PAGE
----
Affairs

Media

Japan focus: get the real story— Tokyo

Preface

Who to trust?

Media Coverage, Tsunami

18 March 2011

It was hard to get a gauge on who to trust and where to find the most accurate and relevant information in Tokyo yesterday as US networks started to over-editorialise their bulletins (cue Anderson Cooper), the BBC started allowing far too much viewer comment to clutter their live coverage and various embassies issued a jumble of advisories that didn’t seem to stack up.

While some news organisations headed west to ensure their correspondents would be safe from shifting winds and the radiation they might carry, too many were relying on readers, viewers and listeners to supplement their content. At a time when people all over Japan were looking for clarity, social network advocates in newsrooms far, far away were filling up too much screen and airtime with banal comments, only adding to the haze.

As I prepared for a morning of meetings in central Tokyo I scanned a variety of networks and websites before heading out, and was quickly frustrated by the equal billing given to random comments and real reporting from journalists I trust. I’m not quite sure what it does for a news brand when they give as much airtime to someone commenting about the availability of doughnuts (in a part of the country not even affected) and a BBC update on evacuation information from the Foreign Office. For sure this is a discussion for another day but at a time when so many people are looking for a trusted source it doesn’t help to expand the size of the chorus. By late morning the picture became more confusing as the US said they were laying on planes to evacuate some nationals (most families of embassy staff) and the British looked set to do the same.

The Australians were also issuing menacing warnings, but said they weren’t related to the radiation but had more to do with the shaky state of the infrastructure. Oddly my own embassy (Canada) was being the most level-headed and saying nothing about the need to leave Tokyo, sticking close to what the Japanese government was advising for its own citizens.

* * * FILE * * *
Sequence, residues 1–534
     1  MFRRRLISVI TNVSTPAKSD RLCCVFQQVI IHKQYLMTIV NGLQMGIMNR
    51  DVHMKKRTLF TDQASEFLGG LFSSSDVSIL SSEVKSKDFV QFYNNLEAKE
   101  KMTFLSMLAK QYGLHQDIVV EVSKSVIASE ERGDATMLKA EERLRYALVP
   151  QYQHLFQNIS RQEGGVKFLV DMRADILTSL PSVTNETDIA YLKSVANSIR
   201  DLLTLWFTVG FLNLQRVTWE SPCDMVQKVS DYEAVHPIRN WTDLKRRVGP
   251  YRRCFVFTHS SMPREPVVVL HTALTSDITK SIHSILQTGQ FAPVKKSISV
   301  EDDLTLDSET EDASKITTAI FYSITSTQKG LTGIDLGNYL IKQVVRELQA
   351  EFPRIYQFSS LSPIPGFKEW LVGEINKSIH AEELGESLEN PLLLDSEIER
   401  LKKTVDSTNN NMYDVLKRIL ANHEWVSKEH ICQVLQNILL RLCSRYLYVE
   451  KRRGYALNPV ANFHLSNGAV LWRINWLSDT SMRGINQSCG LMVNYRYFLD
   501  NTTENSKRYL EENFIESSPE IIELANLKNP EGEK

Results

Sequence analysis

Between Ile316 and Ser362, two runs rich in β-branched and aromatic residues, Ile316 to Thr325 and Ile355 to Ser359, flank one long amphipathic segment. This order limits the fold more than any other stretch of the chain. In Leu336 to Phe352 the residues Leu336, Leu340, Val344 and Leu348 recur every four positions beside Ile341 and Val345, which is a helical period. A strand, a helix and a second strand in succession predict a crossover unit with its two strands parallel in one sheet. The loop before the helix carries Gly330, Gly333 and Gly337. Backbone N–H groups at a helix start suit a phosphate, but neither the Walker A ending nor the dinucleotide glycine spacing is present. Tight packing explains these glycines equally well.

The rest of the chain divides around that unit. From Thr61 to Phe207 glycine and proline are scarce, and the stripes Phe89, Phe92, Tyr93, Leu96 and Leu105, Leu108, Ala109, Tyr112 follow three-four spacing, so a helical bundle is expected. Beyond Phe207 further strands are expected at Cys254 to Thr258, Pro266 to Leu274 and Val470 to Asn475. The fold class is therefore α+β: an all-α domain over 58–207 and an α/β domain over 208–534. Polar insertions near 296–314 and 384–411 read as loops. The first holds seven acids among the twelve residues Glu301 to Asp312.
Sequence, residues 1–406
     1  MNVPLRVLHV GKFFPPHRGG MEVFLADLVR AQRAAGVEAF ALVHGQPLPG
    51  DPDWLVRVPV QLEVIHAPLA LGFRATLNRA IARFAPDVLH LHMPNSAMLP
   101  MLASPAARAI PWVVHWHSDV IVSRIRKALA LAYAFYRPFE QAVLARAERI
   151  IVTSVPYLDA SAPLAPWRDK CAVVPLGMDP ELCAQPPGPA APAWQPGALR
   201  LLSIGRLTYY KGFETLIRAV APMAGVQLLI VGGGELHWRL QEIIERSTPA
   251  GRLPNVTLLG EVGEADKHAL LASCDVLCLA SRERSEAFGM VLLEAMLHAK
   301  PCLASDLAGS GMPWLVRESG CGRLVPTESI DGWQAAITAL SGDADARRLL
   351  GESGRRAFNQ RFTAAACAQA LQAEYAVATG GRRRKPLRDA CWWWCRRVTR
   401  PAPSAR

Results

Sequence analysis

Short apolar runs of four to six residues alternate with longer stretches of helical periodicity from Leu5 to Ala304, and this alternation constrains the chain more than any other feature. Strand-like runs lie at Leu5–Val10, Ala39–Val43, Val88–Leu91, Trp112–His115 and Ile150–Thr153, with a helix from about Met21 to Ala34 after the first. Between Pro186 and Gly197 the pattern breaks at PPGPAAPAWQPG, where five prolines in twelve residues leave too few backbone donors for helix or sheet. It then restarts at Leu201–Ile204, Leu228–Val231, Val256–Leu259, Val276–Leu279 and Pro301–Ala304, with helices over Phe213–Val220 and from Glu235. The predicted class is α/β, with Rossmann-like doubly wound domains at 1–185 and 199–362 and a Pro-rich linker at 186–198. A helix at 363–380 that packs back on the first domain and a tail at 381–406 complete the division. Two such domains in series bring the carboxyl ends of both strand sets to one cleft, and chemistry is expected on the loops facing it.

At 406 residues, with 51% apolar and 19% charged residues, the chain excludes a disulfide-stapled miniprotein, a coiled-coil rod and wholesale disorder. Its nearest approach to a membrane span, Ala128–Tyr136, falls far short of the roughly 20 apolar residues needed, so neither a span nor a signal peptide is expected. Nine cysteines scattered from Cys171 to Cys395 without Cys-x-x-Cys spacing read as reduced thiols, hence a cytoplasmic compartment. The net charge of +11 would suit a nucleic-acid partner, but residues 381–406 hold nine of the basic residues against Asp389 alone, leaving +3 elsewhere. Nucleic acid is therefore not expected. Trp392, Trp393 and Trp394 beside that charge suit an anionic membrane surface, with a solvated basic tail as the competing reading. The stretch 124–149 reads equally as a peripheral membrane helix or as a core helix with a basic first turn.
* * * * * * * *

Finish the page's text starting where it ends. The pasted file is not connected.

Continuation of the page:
At this point I decided to contact my colleague Atsushi, who was at Narita, to get his take on things. An exodus? Massive queues? “It all seems pretty normal here,” he explained. “In fact, my flight to London is quite empty.” So much for the need to be chartering planes for worried Europeans and Americans.

I spent the morning in meetings, had a leisurely lunch with my colleague Noriko, bought presents for friends in Italy and Sweden and then jumped in the car to Haneda. Having a more central location than Narita, I thought that the crowds might have been here rather than out in Chiba. As we pulled up curbside there was only one other cab that was loading up rather than dropping off, and on the departures concourse it seemed like any normal Thursday. On board my Cathay Pacific flight to Hong Kong there were plenty of empty seats amidst the odd tearful passenger. As the crew went through their pre-flight safety checks and I prepared to turn off my phone I received an email from the US state department. The diplomat in question wanted to know if I thought it was safe to visit Japan? Mixed messages indeed.

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